Wisconsin lawmakers reinstate economic development loans
MADISON (AP) -- Gov. Scott Walker's jobs agency would be able to issue business loans again under provisions in the state budget the Legislature's finance committee approved Tuesday in a sign that Republicans' faith Walker's troubled flagship economic engine is growing again.
The 2015-17 state budget prohibited the Wisconsin Economic Development Corporation from originating new loans totaling more than $10 million in fiscal year 2015-16 and $5 million in 2016-17. The budget also prohibited WEDC from issuing any new loans other than loans to develop technology after this June 30.
WEDC has faced frequent scrutiny over its operations since Gov. Scott Walker and Republican lawmakers created the agency in July 2011 to replace the Department of Commerce. The agency hasn't recovered loans made to troubled companies, gave out $126 million without a formal review and has experienced high turnover in top positions. Republicans included the loan prohibitions in the budget in response to the problems. They have allowed WEDC to continue issue tax credits and grants, however.
Walker included a plan his 2017-19 budget that would fully restore WEDC's ability to issue loans as long as the loans are funded by repayments of other loans and not new tax dollars.
The Legislature's Joint Finance Committee, which is revising Walker's budget before forwarding the spending plan on to the full Assembly and Senate, decided Tuesday to follow Walker's plan and allow WEDC to issue loans again. The committee removed the provision that the loans would have to be funded through repayments of other loans, however.
Sen. Alberta Darling, the committee's co-chairwoman, said she believes WEDC has improved its operations in the last two years and is in a much better position now. She added that many people and business around Wisconsin depend on WEDC's loan program.
All 12 Republicans on the committee voted for the plan. The four Democrats on the panel voted against it.
The Democrats offered a number of motions putting restrictions on WEDC tax credits, loans and grants, including proposals that would require anyone who receives an award would have to create at least one job in Wisconsin, impose penalties on recipients that eliminate jobs or relocate jobs outside of Wisconsin and block anyone who has defaulted on a loan payment from receiving any further WEDC awards.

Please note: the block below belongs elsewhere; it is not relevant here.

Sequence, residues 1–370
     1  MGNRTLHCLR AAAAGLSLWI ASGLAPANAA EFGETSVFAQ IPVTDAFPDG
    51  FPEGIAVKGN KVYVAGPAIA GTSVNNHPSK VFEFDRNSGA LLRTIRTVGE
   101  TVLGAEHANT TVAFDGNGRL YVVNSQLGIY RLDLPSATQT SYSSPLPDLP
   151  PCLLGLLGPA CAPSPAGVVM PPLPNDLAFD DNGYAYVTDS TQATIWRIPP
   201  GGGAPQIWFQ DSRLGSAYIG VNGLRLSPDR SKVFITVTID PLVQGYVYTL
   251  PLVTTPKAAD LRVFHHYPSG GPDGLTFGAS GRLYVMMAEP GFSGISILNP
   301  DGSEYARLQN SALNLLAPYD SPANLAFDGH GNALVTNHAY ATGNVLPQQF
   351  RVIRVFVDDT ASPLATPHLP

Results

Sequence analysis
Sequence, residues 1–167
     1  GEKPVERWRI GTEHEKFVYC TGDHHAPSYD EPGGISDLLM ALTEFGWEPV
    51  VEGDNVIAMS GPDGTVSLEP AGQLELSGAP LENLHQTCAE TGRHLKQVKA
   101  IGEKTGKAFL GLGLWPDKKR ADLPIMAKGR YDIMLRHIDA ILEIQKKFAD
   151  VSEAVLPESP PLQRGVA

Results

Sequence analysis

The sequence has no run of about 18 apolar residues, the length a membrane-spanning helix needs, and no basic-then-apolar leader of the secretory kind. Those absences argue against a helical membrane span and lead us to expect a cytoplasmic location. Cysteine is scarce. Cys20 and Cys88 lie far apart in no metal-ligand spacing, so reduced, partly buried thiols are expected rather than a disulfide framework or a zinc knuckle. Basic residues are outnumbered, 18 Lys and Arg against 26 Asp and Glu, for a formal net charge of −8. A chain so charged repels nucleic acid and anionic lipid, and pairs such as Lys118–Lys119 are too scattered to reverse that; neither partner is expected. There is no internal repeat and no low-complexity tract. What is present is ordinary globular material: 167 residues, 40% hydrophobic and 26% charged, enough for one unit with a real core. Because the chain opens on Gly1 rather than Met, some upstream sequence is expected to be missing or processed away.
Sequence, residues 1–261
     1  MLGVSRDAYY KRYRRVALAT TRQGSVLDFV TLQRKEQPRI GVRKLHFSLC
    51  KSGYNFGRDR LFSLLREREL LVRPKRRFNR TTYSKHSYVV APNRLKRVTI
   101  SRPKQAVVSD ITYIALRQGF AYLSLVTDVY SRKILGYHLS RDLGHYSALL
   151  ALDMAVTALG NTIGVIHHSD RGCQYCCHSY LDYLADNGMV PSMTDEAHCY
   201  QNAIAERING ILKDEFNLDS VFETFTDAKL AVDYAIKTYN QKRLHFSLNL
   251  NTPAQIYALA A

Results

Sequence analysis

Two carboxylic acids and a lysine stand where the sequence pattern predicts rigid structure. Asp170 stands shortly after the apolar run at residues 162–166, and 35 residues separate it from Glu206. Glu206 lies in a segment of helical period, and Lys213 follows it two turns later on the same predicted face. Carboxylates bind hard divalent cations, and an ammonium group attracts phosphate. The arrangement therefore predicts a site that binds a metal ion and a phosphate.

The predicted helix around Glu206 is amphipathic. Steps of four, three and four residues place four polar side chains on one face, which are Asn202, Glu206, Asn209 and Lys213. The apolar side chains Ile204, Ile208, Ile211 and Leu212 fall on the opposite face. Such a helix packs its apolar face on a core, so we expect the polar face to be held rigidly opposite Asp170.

"This is about creating transparency and accountability," said Sen. Lena Taylor, a Milwaukee Democrat. "This is government assistance."
Republicans killed all the motions. Darling said they duplicate WEDC policies; Rep. Dale Kooyenga said it's impossible to count how many jobs companies WEDC help might create indirectly or retain.
The committee also took action Tuesday on pieces of the state Justice Department budget.
The panel scrapped Walker's plan to provide $500,000 in grants for police to create units specializing in crowd control and approved providing police with $2 million over the next two years to cover beat officers' overtime.
The committee also voted to assume oversight of DOJ's discretionary fund, which is built through gifts, grants and settlement winnings. According to the Legislative Fiscal Bureau, the fund is projected to end the fiscal year with $8.4 million.
Finally, the committee voted to cut the $1 million Walker planned to give the DOJ for drug investigations to $500,000 and require the agency to spend $500,000 of its settlement funds in for drug investigation support.
DOJ spokesman Johnny Koremenos said the moves were disappointing and took the agency by surprise.